Our students are not like us. They have never lived in a world where almost everyone has a device in their hands almost all of the time. They are digital natives, but that does not mean they inherently know how to use a device in a healthy and productive manner. It is a collective responsibility to teach digital citizenship. It cannot be left to parents or the digital teacher librarian. Just like we are all trying to help students live in a social society properly, we all have to collectively show them how to navigate the digital world too.
you are off to a good start
Fear not! It is not something that has to be added to curriculum as a burden. As a teacher, you are probably already teaching some aspects of digital citizenship. For example, classes involving research and writing typically include how to evaluate a website’s credibility and writing proper citations. Any time students need to search the internet, direct and explicit instruction on the credibility and reliability of information, as well as research tips, are helpful to steer students toward useful information while disregarding inaccurate or unnecessary information. This is organically digital citizenship. But we also need to be intentional.
Did you know our district has monthly topics? Take some time to familiarize yourself with these topics so that you can support the systemic message in Jeffco.
It is our collective responsibility to teach digital citizenship. These skills are essential to ensure students' safety and protection. While kids today may have no problem navigating the web, they're less likely to know how to vet sources, understand the sensitivity of the information they're sharing and take in the gravity of conversations they're having online. It's up to us and families to reinforce these concepts. There are several distinct resources available. JEFFCO EDTECH WEBSITE
More resources in Seesaw, Actively Learn, Newsela, Google Classroom and Common Sense Media are coming for Jeffco teachers in August. For now, please start thinking about how you can have everyday conversations with students knowing you make a difference daily.
It is hard to believe that it is already May! As we wrap up the 2020-2021 school year, students, teachers and parents are looking forward to summer vacation. Many of us have spent way too much time looking at screens this school year and are hoping to power down and enjoy some unplugged time. We all are hoping to find activities to do this summer without a screen and that will help students stay on track and not be part of the “summer slide.” This slide may affect students of all ages. Studies show that students who read during the summer gain an average of 1 month of reading proficiency. Students who don’t read lose an average of 2-3 months of proficiency and over time, those lost months add up to years. By high school, 2/3 of the reading achievement gap can be attributed to summer learning loss during the elementary years. One way students can avoid the slide is to participate in the Jefferson County Public Library Summer Challenge.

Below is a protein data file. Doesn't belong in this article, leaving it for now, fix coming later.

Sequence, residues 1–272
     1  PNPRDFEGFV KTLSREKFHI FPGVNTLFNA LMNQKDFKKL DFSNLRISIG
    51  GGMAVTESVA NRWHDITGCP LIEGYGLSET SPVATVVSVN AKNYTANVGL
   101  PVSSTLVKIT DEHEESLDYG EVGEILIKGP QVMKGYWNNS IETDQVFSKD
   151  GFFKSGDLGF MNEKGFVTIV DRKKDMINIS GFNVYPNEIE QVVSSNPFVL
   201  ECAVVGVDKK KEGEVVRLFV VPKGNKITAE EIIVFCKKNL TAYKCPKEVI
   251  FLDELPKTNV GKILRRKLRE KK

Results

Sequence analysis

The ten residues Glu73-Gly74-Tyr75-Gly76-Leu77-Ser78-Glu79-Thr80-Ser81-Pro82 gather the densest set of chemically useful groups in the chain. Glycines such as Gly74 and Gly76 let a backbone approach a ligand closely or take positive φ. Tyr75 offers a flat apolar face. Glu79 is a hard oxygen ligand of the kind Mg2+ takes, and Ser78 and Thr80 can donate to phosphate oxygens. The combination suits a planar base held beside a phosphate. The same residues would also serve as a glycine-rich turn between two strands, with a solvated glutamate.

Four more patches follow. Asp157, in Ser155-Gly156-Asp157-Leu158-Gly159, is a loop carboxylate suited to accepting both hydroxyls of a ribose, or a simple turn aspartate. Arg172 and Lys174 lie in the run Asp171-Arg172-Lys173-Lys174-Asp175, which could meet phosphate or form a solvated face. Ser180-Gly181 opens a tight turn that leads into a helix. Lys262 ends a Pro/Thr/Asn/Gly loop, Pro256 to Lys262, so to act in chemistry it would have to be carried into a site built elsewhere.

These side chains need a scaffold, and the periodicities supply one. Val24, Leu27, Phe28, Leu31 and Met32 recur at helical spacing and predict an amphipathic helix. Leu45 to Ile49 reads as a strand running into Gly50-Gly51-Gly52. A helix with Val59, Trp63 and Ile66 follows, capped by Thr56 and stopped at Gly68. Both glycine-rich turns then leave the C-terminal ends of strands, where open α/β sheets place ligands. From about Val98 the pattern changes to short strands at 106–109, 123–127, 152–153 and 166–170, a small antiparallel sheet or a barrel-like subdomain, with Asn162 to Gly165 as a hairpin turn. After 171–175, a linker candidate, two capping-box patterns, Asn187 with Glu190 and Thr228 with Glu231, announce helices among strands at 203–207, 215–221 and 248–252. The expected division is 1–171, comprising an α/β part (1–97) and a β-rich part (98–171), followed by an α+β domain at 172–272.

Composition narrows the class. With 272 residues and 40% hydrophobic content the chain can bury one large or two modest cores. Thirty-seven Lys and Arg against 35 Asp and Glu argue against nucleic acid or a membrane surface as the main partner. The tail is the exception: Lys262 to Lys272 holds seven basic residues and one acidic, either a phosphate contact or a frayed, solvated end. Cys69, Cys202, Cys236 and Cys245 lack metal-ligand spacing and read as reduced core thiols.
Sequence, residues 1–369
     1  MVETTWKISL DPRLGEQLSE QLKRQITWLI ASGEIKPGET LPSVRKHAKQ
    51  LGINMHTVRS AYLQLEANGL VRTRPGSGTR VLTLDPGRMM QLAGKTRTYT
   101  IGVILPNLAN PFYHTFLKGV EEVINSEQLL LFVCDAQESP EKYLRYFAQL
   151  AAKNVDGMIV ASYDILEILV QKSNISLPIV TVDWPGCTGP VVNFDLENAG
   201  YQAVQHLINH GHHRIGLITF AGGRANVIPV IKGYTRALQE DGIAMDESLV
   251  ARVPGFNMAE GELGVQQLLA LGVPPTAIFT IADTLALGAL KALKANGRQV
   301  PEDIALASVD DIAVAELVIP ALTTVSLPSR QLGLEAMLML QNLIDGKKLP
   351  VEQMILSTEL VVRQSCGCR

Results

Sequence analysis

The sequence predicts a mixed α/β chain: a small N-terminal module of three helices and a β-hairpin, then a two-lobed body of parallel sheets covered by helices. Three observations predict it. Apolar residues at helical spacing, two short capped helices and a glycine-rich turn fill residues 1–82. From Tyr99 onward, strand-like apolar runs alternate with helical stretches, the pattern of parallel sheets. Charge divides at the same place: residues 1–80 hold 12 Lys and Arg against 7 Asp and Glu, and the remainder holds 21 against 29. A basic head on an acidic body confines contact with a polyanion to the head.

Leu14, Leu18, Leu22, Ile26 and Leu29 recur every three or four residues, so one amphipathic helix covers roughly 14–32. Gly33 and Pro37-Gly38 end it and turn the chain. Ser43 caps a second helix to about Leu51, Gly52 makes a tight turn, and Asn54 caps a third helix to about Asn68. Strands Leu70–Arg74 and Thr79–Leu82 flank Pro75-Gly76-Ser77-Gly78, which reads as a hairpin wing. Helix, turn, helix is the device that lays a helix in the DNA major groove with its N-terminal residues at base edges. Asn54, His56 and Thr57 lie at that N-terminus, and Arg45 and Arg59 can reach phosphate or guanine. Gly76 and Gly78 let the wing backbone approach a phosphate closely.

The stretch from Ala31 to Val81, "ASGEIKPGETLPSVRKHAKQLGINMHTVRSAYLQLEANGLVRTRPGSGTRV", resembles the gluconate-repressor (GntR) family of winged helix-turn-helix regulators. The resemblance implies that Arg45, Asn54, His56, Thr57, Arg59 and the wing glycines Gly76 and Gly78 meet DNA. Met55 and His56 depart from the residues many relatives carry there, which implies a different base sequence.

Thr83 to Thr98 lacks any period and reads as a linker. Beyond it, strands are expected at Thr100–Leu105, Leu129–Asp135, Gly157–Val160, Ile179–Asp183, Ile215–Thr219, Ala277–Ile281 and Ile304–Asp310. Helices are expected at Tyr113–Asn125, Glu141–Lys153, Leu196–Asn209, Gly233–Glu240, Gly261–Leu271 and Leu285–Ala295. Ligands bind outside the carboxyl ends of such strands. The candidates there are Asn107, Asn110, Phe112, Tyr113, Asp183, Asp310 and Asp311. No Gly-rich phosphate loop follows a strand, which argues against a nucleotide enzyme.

This year's library summer challenge is titled “Wild Ideas.” Registration opened on May 1st and the challenge runs from June 1st to July 31st. The Summer Challenge has many different ways to engage students. The activities are categorized by Read, Explore and Connect. As students complete activities, they are eligible for prizes. This is a great way to motivate students and to keep students learning while school is not in session. Just for signing up, students can either receive a sticker or a PopTart, yes I said Pop Tarts! Other prizes include an Elitch Gardens pass, iPads and of course books. Learn more about prizes and sponsors here.
Participating in the challenge can also provide schools with some much needed funds. The school with the highest number of finishers wins $800. This will help schools purchase books in a time when budgets are low and Digital Teacher Librarians are trying to recoup the loss of books from COVID circumstances. Last year's winners all used their money to build their collections and resources. Tobye Ertelt, DTL from Oberon Middle School, purchased some new graphic novels, fiction and nonfiction books as well as some ebooks. Heather Kramer, DTL from Devinny, Elementary School, purchased more PebbleGo modules so that students, both remote and face to face, had access to this amazing resource. Wheat Ridge High School’s DTL, Debbie Livingston, spruced up her fiction section to entice high school students to check out more books.
Finally, participants earn points which go towards Jeffco Eats, a program that provides food to Jeffco residents. For every 1 million points we earn as a group, Jeffco Eats will get $100, up to a maximum of $500.
As the countdown to vacation is on, please encourage your students to sign up for the Summer Challenge at Jefferson County Public Library. If you have any questions ask your Digital Teacher Librarian.